Classic Questions

Did Re'uvain and Gad's descendants not want to join their brothers at war? What did Moshe reply? (v. 2ff.)

Ramban: Moshe suspected that they were scared to fight, like the spies (see above 13:31), so he accused them of lacking trust in G‑d (v. 6–15). Therefore, they responded that they were not at all scared and that they would lead the conquest (v. 16-19).

Ohr haChayim: Re'uvain and Gad's descendants stressed that since G‑d had defeated so many lands for the Jewish people (v. 4), the conquest of the Land of Israel was clearly also going to be aided by miraculous assistance from G‑d, and that their own help would thus not be required. Moshe replied that while it was indeed true that G‑d would assist them, and that, in essence, the help of Re'uvain and Gad's descendants was not required, nevertheless, the rest of the Jewish people would not understand that this was their intention. The people would interpret the lack of willingness to fight as plain fear. So Moshe argued to them, "Why are you discouraging the children of Israel?" (v. 7).

Tzror Hamor: Moshe said to them: The Land is the most glorious of lands! How could you treat it with such disdain [by choosing not to live in it]? Perhaps the Jewish people will think it has something really disgraceful about it, or some hidden defect... You are blaspheming and despising the Holy Land!

The Rebbe's Teachings

The Request of Re'uvain and Gad's Descendants

Ramban writes that Moshe suspected Re'uvain and Gad's descendants of being scared to fight and lacking trust in G‑d, which is why he strongly criticized them, comparing them to the spies.

However, at the literal level it is difficult to accept Ramban's argument, because:

  1. According to this interpretation, it seems that from the very first instance Re'uvain and Gad's descendants were in fact willing to participate in the war, and Moshe incorrectly presumed that they were not willing to fight because they were scared. However, at the literal level, their statement, "Do not take us across the Jordan" (v. 5), suggests that initially they did not wish to fight and that later they changed their mind.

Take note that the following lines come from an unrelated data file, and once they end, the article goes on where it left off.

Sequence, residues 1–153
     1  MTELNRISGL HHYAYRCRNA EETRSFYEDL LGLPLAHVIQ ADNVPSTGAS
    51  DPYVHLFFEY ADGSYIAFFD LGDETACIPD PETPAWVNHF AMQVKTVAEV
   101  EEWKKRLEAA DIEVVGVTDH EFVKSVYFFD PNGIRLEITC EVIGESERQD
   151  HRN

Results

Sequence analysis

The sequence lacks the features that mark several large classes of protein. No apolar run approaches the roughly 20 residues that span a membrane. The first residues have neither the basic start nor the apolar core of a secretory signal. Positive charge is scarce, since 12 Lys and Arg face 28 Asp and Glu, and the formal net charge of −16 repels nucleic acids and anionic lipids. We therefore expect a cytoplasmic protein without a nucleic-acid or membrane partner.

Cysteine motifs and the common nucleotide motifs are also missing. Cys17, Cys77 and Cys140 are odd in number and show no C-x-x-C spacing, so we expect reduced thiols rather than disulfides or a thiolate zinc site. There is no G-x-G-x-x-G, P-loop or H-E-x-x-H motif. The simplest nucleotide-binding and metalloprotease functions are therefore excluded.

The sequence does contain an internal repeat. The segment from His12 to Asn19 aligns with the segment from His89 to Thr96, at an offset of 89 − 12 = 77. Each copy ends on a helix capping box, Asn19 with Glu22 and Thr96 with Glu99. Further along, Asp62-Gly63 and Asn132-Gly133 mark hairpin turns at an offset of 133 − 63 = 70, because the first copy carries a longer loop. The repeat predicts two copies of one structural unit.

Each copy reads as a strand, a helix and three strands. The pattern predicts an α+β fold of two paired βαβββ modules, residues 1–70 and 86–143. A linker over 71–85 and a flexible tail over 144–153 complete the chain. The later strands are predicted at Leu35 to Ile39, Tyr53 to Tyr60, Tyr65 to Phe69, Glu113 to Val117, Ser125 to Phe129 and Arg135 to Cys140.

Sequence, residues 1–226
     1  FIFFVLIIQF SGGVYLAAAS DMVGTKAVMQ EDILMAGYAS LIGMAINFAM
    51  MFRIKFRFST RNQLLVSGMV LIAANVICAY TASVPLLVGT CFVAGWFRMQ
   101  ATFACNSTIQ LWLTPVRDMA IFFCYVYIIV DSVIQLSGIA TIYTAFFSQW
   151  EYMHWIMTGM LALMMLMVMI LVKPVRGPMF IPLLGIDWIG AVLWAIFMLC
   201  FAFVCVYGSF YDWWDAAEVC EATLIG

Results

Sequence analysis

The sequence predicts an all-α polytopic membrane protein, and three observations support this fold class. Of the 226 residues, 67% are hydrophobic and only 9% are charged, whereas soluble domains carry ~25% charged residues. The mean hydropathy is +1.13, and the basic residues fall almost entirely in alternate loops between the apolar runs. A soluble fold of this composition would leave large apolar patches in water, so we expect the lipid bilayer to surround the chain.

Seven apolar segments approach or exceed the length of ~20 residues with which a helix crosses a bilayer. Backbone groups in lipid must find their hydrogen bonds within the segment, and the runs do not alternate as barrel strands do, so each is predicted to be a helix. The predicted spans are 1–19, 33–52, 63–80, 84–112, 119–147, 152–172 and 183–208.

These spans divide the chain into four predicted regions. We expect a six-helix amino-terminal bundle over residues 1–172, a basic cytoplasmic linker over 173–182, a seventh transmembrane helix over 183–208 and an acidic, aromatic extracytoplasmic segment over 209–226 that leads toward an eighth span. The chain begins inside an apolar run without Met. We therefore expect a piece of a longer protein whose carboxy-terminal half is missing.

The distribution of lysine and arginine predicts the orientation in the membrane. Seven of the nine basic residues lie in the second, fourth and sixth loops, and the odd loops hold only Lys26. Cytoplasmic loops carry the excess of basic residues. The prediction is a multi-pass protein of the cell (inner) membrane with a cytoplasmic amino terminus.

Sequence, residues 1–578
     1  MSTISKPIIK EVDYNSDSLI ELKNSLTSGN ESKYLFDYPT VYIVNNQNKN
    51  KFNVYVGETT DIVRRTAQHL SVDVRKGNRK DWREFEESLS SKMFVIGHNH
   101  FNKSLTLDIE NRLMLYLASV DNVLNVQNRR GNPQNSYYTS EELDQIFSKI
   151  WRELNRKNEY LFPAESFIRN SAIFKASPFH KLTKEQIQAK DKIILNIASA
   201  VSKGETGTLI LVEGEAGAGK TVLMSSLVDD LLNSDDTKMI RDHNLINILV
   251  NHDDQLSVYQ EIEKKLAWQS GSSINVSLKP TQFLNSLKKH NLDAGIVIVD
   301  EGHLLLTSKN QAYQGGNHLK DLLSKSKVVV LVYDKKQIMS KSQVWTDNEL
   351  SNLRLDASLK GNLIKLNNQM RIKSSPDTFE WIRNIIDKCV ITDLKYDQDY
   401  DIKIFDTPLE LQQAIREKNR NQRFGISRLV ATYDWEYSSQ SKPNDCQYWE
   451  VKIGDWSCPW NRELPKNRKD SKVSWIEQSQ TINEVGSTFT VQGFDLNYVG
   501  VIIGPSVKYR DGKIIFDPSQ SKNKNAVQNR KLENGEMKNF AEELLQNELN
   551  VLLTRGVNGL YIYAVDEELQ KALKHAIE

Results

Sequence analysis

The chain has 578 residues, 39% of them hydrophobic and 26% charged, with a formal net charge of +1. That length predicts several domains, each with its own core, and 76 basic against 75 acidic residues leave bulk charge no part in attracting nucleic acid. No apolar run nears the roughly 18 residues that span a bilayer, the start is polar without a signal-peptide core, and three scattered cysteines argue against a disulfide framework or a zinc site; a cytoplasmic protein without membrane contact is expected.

2. Furthermore, it is difficult to accept that Moshe totally misunderstood the intentions of Re'uvain and Gad's descendants.

Therefore, it would seem that at the literal level the explanation of Ohr haChayim is more acceptable (that Re'uvain and Gad's descendants felt that their assistance in conquering the Land was unnecessary, because G‑d was going to fight the war for the Jewish people in any case). According to this explanation, Moshe correctly understood their intentions, but feared that the Jewish people would misinterpret them. Therefore, he convinced Re'uvain and Gad's descendants to change their minds and join the war.

However, this leaves us with the following questions:

  1. If Moshe indeed understood that Re'uvain and Gad's descendants did not lack confidence that the Jewish people would safely enter the Land, then why (in v. 8-14) did he compare them to the spies, who had said, "We are unable to go up against the people, for they are stronger than us" (13:31)?
  2. Re'uvain and Gad's descendants merely made a request not to enter the Land, "if it finds favor in your eyes..." (v. 5). Why, then, did Moshe rebuke them so strongly?

Apparently, in addition to criticizing Re'uvain and Gad's descendants for the bad impression they were making on the rest of the Jewish people (as explained above), Moshe also felt that, regardless of their willingness to go to war, their very request to live outside the Land of Israel was a disgrace, as Tzror Hamor writes. Therefore, he rebuked them harshly, comparing them to the spies.

(Based on Likutei Sichos vol. 8, p. 186ff.)